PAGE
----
* WTT is probably the only Hebrew OT you need – this is a corrected version of the BHS based on the Leningrad MS.
* tick the PEH Peshitta – it uses Hebrew characters instead of Syriac and this makes Syriac surprisingly readable
* do NOT tick Rodkin's Mishnah. This is a cut-down version with only 1/3 of the Mishnah tractates in a questionable translation. Use www.RabbinicTraditions.com instead

 

 

Setting up your Options:

(go to Tools: Options: General)

My tips on Options:
* untick Startup: Splash screen
 (this is the picture which obscures what you are working on while waiting for BW to load)
* tick Startup: Enable Configuration
 (this allows you to save and load different configurations of BW – eg different setups for study or for devotion)
* tick Browse Window: Keep word tips open.
  (this means the popup box stays in one place, where-ever you put it. I put it on the Menu bar. It is far easier to follow, and it is out of the way).
* tick Main Window Status: Chapter-Based User Notes On,
   & Notify.. Chapter note
(this adds a "C" in the bottom line of the screen to indicate that you have written a note about this chapter in the past, and "Chap Notes" next to it so you can bring that note into view immediately.)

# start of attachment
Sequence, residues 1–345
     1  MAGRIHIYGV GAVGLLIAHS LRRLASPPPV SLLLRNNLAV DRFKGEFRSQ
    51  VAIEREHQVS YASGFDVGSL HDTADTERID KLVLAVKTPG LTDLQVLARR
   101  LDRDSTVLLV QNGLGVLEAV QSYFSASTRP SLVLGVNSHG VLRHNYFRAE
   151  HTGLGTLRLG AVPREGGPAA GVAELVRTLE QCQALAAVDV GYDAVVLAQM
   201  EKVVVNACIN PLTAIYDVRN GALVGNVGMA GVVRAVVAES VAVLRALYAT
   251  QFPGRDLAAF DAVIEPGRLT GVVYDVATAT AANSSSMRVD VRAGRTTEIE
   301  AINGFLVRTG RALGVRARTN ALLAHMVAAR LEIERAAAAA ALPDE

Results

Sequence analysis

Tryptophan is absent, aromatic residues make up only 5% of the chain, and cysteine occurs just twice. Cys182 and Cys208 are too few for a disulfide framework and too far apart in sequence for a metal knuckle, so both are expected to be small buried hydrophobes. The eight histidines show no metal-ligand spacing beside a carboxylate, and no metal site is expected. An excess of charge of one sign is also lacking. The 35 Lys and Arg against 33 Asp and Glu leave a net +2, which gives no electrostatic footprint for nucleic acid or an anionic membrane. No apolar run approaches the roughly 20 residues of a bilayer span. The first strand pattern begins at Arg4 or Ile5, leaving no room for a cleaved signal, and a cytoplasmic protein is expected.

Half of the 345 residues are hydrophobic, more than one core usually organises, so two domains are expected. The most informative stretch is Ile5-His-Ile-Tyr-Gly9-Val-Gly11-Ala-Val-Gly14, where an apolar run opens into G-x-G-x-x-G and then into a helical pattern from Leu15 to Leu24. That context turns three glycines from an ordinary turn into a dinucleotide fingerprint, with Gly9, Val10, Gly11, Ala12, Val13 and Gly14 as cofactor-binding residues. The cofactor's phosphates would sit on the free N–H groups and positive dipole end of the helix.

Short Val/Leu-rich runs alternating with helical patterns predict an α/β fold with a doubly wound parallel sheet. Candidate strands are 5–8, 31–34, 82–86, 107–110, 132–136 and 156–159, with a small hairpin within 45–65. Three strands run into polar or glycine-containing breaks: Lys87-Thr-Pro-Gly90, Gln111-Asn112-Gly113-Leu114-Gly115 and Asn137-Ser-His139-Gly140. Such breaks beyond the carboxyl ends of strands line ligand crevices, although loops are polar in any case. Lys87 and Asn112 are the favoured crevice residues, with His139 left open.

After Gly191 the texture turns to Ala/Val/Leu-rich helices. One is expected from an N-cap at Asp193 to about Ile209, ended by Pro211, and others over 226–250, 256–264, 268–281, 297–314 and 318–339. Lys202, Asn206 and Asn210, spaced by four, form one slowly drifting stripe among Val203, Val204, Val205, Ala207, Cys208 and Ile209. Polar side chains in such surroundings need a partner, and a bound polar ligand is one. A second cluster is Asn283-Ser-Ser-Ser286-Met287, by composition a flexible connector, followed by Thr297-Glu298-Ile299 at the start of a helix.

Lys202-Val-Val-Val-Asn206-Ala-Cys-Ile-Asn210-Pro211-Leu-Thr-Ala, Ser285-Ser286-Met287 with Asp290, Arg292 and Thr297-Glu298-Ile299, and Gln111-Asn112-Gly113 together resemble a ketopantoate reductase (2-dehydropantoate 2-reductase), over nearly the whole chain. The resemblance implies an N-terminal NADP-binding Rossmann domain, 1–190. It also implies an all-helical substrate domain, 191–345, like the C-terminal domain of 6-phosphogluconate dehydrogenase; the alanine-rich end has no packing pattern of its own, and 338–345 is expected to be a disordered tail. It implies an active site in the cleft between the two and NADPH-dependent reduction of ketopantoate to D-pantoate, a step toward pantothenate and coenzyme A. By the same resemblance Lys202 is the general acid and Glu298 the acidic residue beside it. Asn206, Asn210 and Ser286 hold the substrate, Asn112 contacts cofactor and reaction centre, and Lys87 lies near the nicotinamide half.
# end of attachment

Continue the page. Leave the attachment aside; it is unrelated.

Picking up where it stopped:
Check out the Notes facility:

This has been here for ages, but like me you probably ignored it. Now that the fourth column is available, it becomes much more usable.
This enables you to make notes on each chapter (or each verse if you wish) which will automatically open when you go to that passage.

My tips on Notes:
* tick "chapter" because having a separate note for every verse is difficult to keep track of.
* use "Autoload" (ticked by default) because this automatically names and saves things you write. 
* if you are working on one chapter and don't want it to change when you do a word search, click on "Open Floating" (the 6th icon from the left)
(also, untick "Autoload" otherwise it will keep asking if you want to move)
* click on the first "All buttons" to reveal hidden buttons on the right with functions you wouldn't expect – like inserting hyperlinks and tables and Unicode Greek/Hebrew, a foreign character picker.
* you can change the order of these buttons by File>Toolbar
* in File>Options tick "Autosave" for your sanity's sake.
* try creating a multi-version table: in the version box next to the Ref box, add more than one version (eg NIV BGT KJV) and then click on the "Copy Refs to Table" button (4 buttons after the version box). this creates a useful table as in the screenshot.